Technology platforms  are continuing to evolve to help investors to both access and manage their real estate investments. For example, one of the new features at CrowdStreet is greater functionality that we have added to our online “Investor Room”. Certain CrowdStreet investors have invested in three or four different deals. To address our evolving investor needs, CrowdStreet has added a portfolio view function that better illustrates how all of those investments are performing with enhanced charting and graphing capabilities. Investors can now see how an individual property is doing, such as actual versus targeted distributions and returns, and they can also look at an overall portfolio summary with performance and composition data.

How to get started

The first step is for investors is to determine how much they want to allocate towards direct real estate investments as a percentage or dollar amount of their overall portfolio. Second, formulate a game plan for diversifying that allocation. For example, do you have a preference for a particular asset class, such as a senior housing,  office or multifamily properties?

The next step is to do your homework. The rise of equity crowdfunding has created a proliferation of firms, and much like any other investment, investors need to examine their options carefully. Some basic guidelines to consider when evaluating crowdfunding firms include:

  • Look at the company’s track record – The quality and types of projects that a crowdfunding firm has both completed and currently has listed on its platform will help you to decide whether the firm is a good fit. CrowdStreet, for example, focuses on institutional quality assets, such as office buildings, assisted living facilities, self-storage and apartment properties, while other companies specialize in smaller scale, entrepreneurial projects such as fix and flip rental housing.
  • Look at the team behind the platform – Crowdfunding is not just a technology platform, and it is not just real estate. It also involves private equity capital formation. So, investors should make sure the sponsors have real estate, technology and private equity fundraising expertise.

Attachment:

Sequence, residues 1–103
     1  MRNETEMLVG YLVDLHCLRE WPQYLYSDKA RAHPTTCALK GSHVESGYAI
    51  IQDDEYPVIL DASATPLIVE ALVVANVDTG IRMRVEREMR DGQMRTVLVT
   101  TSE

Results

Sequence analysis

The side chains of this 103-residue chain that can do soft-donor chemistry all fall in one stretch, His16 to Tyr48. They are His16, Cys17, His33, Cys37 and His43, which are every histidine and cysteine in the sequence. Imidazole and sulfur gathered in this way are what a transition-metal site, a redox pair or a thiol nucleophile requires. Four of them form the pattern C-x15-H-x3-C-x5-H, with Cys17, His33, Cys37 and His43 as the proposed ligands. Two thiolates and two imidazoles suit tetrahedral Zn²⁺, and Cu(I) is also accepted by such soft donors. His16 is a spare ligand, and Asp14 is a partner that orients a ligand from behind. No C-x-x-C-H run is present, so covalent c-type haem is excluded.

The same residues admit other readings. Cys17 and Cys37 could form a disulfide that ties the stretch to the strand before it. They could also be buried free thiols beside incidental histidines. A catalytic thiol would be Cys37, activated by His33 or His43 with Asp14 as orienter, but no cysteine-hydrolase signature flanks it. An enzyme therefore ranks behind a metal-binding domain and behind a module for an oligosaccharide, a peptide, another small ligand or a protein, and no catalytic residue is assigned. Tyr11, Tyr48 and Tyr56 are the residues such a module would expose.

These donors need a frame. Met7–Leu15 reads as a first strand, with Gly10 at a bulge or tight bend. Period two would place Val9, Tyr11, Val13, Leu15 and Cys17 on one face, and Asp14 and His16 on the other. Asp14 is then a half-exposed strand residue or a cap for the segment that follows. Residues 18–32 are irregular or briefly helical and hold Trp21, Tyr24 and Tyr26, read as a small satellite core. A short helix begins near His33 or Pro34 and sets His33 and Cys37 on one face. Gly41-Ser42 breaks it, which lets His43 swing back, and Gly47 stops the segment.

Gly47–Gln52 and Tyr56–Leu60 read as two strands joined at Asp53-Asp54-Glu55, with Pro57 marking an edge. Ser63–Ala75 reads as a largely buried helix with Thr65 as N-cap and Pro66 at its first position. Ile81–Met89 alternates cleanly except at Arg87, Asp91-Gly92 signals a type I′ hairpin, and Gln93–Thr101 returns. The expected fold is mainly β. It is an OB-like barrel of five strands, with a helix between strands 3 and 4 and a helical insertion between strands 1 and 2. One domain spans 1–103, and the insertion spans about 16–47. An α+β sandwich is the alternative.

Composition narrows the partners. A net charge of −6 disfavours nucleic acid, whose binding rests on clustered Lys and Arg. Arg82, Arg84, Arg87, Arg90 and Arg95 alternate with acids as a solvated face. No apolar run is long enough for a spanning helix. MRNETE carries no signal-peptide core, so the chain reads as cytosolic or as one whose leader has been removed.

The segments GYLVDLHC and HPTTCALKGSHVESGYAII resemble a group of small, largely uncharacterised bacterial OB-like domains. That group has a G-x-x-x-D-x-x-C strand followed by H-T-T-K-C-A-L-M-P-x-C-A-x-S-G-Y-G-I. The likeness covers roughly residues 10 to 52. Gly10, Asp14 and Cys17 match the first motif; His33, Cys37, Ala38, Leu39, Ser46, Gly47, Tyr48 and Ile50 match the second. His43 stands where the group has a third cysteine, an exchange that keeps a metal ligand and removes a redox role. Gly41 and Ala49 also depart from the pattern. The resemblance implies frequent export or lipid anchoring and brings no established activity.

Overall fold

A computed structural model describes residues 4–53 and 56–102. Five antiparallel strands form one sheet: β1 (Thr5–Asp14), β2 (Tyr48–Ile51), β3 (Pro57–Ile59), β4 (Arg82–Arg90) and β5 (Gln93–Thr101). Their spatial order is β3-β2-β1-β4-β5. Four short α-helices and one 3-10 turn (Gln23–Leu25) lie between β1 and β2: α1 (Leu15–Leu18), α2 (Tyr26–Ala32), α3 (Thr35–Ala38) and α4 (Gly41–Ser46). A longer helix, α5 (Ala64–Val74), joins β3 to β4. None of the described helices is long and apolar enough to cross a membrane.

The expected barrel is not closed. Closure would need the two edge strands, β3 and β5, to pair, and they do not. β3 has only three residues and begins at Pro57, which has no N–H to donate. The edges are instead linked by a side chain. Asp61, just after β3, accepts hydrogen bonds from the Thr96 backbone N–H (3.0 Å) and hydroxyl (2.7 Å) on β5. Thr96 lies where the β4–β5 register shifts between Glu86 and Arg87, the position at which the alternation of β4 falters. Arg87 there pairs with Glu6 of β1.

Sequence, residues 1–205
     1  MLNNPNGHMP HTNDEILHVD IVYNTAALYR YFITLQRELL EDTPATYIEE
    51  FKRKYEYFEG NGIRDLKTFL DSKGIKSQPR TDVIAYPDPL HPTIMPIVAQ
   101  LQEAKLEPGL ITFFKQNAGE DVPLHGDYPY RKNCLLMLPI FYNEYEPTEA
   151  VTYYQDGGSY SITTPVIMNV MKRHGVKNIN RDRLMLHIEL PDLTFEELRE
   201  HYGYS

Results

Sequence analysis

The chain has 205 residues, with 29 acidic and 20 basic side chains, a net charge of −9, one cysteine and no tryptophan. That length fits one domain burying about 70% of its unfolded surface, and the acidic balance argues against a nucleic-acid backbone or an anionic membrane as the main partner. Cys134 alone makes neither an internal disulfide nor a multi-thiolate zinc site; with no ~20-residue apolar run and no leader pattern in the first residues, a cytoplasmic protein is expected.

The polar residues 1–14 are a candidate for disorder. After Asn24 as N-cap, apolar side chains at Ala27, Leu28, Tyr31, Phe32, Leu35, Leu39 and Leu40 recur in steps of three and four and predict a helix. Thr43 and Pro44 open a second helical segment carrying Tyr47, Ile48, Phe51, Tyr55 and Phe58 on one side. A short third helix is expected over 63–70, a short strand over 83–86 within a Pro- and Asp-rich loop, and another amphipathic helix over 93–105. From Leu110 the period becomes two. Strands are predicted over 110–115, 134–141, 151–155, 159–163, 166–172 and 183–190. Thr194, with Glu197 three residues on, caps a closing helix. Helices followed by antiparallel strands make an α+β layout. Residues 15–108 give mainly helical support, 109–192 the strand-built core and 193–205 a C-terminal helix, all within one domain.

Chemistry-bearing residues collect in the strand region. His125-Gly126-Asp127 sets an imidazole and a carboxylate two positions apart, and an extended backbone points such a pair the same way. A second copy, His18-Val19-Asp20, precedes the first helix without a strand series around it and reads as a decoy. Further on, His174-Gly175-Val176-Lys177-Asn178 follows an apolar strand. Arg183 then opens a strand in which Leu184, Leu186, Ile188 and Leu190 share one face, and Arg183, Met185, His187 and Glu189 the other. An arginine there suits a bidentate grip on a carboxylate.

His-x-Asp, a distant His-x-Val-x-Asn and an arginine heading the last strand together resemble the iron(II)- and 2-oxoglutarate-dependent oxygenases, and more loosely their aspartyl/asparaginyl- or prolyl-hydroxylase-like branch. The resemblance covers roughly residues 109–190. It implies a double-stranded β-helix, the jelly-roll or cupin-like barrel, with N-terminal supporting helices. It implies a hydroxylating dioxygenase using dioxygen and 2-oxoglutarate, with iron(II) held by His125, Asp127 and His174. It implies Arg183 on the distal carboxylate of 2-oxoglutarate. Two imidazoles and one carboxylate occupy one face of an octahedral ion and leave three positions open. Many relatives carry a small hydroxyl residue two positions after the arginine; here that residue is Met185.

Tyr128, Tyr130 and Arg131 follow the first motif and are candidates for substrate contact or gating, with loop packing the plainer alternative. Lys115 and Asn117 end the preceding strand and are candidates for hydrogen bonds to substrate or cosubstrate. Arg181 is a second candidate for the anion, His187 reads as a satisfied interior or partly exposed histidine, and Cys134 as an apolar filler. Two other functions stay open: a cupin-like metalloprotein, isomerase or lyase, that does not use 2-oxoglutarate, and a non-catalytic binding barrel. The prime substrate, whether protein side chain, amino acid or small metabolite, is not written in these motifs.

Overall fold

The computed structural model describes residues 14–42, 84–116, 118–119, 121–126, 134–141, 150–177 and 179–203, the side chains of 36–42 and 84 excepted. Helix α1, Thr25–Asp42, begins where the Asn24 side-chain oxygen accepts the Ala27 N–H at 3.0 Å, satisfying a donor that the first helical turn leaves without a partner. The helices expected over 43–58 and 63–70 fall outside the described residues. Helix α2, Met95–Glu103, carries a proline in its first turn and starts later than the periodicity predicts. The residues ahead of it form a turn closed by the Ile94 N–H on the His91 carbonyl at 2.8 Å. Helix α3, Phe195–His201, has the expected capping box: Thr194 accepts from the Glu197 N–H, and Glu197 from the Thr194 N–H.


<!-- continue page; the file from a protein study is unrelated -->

• Ask questions about a crowdfunding firm’s screening process for both sponsors and properties – Reputable crowdfunding firms will have a vetting process to identify experienced industry professionals and qualified deals.
  • Watch out for hidden fees – Crowdfunding is not a one-size-fits-all platform. Different firms have different business models. At CrowdStreet, our philosophy is that we are providing accredited investors with access to institutional quality deals. Sponsors pay a fee to use CrowdStreet as a third-party intermediary in the fundraising process. However, we do not charge fees to the investors who use the platform. Other crowdfunding platforms do charge fees to the investor, and in some cases, they charge fees to both the investor and the sponsor.
  • Understand the risks –  Real estate, by its nature, is an illiquid asset class that carries a degree of risk. Investors must be comfortable with the terms and potential downside of a particular investment. In order to mitigate those risks, it is important to invest with a crowdfunding platform and sponsor that have experience and credibility.

Leave a Comment

Your email address will not be published. Required fields are marked *